The liberation of Jerusalem and the cleansing of the Temple from the Hellenistic idols and rituals is a most important part of the Hanukkah story. In fact, the meaning of the name of the holiday in Hebrew translates to the word "dedication" in English. A fact that, unlike his predecessor, President Obama ignores in his presidential Hanukkah statements:
Statement by the President on HanukkahNow here was George W. Bush's Chanukah Message in 2008:
Over the eight nights of Hanukkah, Jews across America, Israel, and the world will remember an ancient triumph of freedom over oppression, and renew their faith in the possibility of miracles large and small.
Even in the darkest, shortest days of winter, the Festival of Lights brims with possibility and hope. The courage of the Maccabees reminds us that we too can overcome seemingly insurmountable odds. The candles of the Menorah remind us that even the smallest light has the power to shine through the darkness. And the miracle at the heart of Hanukkah – the oil that lasted for eight nights instead of only one – reminds us that even when the future is uncertain, our best days are yet to come.
May this Hanukkah embolden us to do what is right, shine a light on the miracles we enjoy, and kindle in all of us the desire to share those miracles with others. From my family to yours, Chag Sameach.
Presidential Message: Hanukkah 2007In 1995 Congress passed the Jerusalem Embassy Act endorsing Jerusalem as the capital of Israel and requiring the US Embassy to move to Jerusalem. But Congress gave the executive branch an out, every six months the State Department/President can request and receive an automatic waiver. A waiver that President Bill Clinton issued to congress every six months as required.
I send greetings to all those celebrating Hanukkah, the festival of lights.
Hanukkah commemorates a victory for freedom and the courage and faith that made it possible. More than 2,000 years ago, the land of ancient Israel was conquered, its sacred Temple was desecrated, and the Jewish people were forbidden to practice their faith. A patriot named Judah Maccabee and his followers rose up against their oppressors to take back Jerusalem. When the Maccabees returned to reclaim and purify their Holy Temple, the oil used for dedication should have lasted only one day but burned for eight. Every year since then, Jews have celebrated this victory of light over darkness and given thanks for the presence of a just and loving God.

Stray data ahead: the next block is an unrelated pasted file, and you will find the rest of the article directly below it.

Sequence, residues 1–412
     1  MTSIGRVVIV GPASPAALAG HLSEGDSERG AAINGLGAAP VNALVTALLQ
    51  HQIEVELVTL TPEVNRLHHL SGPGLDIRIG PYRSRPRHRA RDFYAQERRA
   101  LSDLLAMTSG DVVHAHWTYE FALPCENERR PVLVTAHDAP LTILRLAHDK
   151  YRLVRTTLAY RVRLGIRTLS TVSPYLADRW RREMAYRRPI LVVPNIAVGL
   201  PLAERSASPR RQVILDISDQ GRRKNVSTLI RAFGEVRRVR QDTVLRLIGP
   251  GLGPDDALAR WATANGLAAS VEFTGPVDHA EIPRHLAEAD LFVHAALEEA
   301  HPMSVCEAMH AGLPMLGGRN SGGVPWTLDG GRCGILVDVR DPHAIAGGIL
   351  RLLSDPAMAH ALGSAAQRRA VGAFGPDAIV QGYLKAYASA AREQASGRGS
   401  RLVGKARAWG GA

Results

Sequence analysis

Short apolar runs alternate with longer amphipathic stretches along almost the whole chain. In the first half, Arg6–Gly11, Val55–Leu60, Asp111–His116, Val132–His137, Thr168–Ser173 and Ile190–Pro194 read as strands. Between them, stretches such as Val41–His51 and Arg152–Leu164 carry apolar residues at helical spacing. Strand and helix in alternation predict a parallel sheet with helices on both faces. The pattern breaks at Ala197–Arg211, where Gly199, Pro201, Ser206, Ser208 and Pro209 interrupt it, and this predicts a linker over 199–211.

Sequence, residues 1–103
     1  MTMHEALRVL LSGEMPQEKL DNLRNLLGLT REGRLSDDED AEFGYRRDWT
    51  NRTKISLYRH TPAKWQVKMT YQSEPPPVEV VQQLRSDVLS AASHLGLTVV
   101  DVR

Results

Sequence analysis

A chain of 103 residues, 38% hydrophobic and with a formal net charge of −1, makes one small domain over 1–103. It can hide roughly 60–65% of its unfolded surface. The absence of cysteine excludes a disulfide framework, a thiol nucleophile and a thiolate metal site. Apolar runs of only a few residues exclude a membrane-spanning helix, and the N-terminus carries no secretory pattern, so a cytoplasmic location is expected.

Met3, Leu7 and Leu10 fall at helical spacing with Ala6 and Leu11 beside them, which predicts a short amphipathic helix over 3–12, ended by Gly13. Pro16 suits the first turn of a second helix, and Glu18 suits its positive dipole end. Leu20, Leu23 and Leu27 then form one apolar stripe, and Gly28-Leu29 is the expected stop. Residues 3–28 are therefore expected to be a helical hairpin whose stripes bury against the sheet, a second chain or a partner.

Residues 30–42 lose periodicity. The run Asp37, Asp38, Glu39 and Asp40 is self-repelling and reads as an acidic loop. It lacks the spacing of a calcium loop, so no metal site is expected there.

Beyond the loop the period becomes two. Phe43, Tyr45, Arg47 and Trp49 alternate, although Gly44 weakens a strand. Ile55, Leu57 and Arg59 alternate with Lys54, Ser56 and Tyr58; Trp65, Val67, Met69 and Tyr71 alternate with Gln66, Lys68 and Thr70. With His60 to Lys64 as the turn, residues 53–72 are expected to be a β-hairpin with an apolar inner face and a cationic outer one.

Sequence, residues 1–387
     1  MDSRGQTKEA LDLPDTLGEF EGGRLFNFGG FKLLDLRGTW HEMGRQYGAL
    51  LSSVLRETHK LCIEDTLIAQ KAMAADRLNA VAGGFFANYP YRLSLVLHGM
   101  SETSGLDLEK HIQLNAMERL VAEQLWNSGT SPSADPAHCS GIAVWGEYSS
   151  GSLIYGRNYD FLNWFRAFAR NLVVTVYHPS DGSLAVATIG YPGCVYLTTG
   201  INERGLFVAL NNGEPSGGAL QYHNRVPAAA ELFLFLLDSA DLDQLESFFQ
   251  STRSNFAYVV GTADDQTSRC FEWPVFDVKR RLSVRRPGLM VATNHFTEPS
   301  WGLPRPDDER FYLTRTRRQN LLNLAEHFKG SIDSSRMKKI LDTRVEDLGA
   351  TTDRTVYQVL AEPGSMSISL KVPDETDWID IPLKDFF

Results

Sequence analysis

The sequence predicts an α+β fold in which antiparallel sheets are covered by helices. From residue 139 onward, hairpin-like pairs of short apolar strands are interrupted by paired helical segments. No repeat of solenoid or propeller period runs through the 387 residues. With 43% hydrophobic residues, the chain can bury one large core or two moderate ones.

As Jewish Americans prepare to light the Hanukkah candles, we are reminded of the many blessings in our lives. The candles' glow has the power to lift our souls, put hope in our hearts, and make our Nation a more compassionate and peaceful place. We pray that those who still live in the darkness of tyranny will someday see the light of freedom, and we ask for God's continued guidance and boundless love and His protection of all those in need during this holiday season.
Laura and I wish all people of the Jewish faith a Happy Hanukkah.
George W. Bush
President Bush continued the policy every six months, but in Bush’s case he inserted into the legal jargon a sentence stating, “My Administration remains committed to beginning the process of moving our embassy to Jerusalem.” The phrase appeared in all 16 Bush waiver notifications. The Obama administration removed that phrase from their waiver requests.
This Obama omission is important beyond just the Hanukkah story. Jerusalem, wrote historian Martin Gilbert, "is not a ‘mere’ city. It holds the central spiritual and physical place in the history of the Jews as a people.” This President's policy is to ignore any ties between Jerusalem and the Jewish people and his holiday message is just one ways he displays his policy.
It's time for President Obama to skip distributing a Hanukkah message at all, it's preferable to insulting the Jewish people with his politically-driven distortion of the holiday.